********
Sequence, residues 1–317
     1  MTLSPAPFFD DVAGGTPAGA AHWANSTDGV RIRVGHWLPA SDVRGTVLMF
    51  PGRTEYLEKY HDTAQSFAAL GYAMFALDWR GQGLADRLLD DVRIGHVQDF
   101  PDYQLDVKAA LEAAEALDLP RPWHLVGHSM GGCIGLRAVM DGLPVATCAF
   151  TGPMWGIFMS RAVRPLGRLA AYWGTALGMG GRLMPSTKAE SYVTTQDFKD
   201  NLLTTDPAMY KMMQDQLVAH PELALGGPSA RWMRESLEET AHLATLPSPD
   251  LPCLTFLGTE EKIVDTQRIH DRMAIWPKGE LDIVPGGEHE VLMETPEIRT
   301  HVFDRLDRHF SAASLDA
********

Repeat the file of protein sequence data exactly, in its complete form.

Sequence, residues 1–317
     1  MTLSPAPFFD DVAGGTPAGA AHWANSTDGV RIRVGHWLPA SDVRGTVLMF
    51  PGRTEYLEKY HDTAQSFAAL GYAMFALDWR GQGLADRLLD DVRIGHVQDF
   101  PDYQLDVKAA LEAAEALDLP RPWHLVGHSM GGCIGLRAVM DGLPVATCAF
   151  TGPMWGIFMS RAVRPLGRLA AYWGTALGMG GRLMPSTKAE SYVTTQDFKD
   201  NLLTTDPAMY KMMQDQLVAH PELALGGPSA RWMRESLEET AHLATLPSPD
   251  LPCLTFLGTE EKIVDTQRIH DRMAIWPKGE LDIVPGGEHE VLMETPEIRT
   301  HVFDRLDRHF SAASLDA